The Devil in the Details: Analysing the Ethno-Cultural Blending in Malaysian Museum Buildings

Authors

  • Nor Hafizah Anuar Architecture Department, Faculty of Architecture & Ekistics, Universiti Malaysia Kelantan, Malaysia
  • Muhammad Ilmam Tharazi Independent Researcher, Malaysia
  • Yasmin Mohd Faudzi Architecture Department, Faculty of Architecture & Ekistics, Universiti Malaysia Kelantan, Malaysia
  • Najah Md. Alwi Architecture Department, Faculty of Architecture & Ekistics, Universiti Malaysia Kelantan, Malaysia

DOI:

https://doi.org/10.14456/jucr.2022.23

Keywords:

Asian Architecture; Ethno-cultural Blending; Museum Design; Malaysian Buildings; Malaysian Architecture; Malaysia

Abstract

Museums are often used as a ‘visualizing technology’ to project the cultural identities of a nation or a particular demographic. The choice of building, either newly constructed or converted from an historic structure, places the importance of its architectural features to convey certain meanings over others. Using comparative analysis on multiple case studies as the main method for data collection, this paper identifies the architectural features on three selected building facade of Penang museums in relation to one another. It will then determine the cultural influences to explore the mechanism of ethno-cultural blending integrated into the architectural styles. Penang was chosen due to its heterogeneous population, allowing for symbiotic blending of diverse cultures, ethnicities and religions. Hence, highlighting the significant role that architecture plays in shaping not only the design of a museum but also in projecting the national identities through the political and historiographical complexities of cultural blending.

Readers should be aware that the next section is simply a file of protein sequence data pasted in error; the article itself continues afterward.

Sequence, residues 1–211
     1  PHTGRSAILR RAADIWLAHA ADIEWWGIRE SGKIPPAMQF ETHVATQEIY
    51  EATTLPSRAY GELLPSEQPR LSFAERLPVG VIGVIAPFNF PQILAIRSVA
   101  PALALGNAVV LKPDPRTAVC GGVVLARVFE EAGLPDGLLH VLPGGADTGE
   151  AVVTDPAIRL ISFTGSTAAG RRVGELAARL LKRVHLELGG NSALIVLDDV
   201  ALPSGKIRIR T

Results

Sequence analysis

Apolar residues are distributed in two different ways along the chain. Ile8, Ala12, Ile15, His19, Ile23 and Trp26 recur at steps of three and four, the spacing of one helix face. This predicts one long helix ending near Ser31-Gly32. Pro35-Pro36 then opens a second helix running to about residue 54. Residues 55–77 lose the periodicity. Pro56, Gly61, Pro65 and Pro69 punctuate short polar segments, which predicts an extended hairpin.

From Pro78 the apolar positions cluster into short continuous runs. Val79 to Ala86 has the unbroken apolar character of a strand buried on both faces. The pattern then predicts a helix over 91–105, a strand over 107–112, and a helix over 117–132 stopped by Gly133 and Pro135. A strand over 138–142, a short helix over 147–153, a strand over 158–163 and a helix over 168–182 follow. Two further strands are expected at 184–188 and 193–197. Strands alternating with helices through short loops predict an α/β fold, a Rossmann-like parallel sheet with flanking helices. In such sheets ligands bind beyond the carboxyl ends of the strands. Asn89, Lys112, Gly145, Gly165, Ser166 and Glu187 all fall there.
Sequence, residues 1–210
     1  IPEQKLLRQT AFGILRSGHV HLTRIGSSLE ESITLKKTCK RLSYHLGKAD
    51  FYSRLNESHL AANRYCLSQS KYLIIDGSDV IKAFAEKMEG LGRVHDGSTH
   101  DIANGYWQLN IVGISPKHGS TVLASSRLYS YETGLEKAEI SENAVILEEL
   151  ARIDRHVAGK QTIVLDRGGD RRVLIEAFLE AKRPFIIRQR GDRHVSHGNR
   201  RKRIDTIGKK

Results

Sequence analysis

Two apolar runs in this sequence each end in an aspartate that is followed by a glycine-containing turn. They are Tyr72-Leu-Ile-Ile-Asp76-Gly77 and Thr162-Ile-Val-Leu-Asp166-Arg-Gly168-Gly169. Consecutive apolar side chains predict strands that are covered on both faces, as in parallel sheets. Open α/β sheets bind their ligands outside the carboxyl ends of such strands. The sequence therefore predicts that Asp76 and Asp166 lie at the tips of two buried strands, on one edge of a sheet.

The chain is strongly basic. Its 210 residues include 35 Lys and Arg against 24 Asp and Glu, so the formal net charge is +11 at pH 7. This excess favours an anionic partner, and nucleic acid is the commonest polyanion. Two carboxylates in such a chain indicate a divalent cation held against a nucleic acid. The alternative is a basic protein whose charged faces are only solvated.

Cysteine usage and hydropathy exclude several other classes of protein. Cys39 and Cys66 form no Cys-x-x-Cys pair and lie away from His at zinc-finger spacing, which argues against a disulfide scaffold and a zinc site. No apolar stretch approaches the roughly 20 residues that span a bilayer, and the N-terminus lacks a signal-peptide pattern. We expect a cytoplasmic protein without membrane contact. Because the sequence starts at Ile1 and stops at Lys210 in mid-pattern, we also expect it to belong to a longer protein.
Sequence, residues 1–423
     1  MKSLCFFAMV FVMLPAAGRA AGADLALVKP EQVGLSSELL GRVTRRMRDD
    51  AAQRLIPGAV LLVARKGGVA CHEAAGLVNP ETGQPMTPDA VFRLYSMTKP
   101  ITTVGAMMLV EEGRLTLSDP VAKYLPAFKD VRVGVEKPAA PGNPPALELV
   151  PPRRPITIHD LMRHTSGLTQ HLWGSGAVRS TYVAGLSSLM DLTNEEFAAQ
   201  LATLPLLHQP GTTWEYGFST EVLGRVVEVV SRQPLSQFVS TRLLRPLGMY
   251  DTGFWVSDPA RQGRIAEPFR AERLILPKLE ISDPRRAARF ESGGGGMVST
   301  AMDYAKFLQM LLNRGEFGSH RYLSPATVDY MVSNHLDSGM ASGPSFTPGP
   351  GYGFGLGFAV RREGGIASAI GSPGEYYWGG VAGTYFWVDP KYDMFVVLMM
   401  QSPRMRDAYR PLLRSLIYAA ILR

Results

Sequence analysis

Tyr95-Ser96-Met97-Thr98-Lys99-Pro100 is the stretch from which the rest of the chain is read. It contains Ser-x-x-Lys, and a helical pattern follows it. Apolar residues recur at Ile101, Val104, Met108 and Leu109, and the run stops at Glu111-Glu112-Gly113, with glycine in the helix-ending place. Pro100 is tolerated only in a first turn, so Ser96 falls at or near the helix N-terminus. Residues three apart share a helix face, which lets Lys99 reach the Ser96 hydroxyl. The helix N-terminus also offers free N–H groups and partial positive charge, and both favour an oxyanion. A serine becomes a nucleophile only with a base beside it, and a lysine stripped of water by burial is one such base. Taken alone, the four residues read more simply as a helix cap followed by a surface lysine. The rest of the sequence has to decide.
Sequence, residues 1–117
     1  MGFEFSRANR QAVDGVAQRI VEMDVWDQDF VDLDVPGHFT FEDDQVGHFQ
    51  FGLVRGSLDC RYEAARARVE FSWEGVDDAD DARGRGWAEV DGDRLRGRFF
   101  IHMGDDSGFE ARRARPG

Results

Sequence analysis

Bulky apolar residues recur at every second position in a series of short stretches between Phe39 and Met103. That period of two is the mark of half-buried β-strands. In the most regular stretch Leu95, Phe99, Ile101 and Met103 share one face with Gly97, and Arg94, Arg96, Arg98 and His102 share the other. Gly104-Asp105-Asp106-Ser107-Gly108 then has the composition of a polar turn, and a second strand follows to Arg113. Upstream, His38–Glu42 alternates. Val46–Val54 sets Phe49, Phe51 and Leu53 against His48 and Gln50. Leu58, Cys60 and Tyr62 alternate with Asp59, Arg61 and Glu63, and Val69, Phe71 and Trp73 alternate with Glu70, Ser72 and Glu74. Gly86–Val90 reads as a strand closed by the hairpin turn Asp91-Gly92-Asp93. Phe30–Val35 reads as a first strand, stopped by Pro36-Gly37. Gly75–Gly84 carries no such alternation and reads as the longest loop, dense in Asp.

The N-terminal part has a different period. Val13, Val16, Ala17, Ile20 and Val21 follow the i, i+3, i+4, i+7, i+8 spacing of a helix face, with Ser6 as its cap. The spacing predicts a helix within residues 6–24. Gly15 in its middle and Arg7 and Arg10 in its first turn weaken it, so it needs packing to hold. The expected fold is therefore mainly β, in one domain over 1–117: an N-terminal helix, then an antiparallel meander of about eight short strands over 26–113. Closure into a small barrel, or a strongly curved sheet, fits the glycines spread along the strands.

Downloads

Download data is not yet available.

Downloads

Published

2022-12-20 — Updated on 2023-01-13

Versions

How to Cite

Anuar, Nor Hafizah, Muhammad Ilmam Tharazi, Yasmin Mohd Faudzi, and Najah Md. Alwi. (2022) 2023. “The Devil in the Details: Analysing the Ethno-Cultural Blending in Malaysian Museum Buildings”. Journal of Urban Culture Research 25 (January):101-13. https://doi.org/10.14456/jucr.2022.23.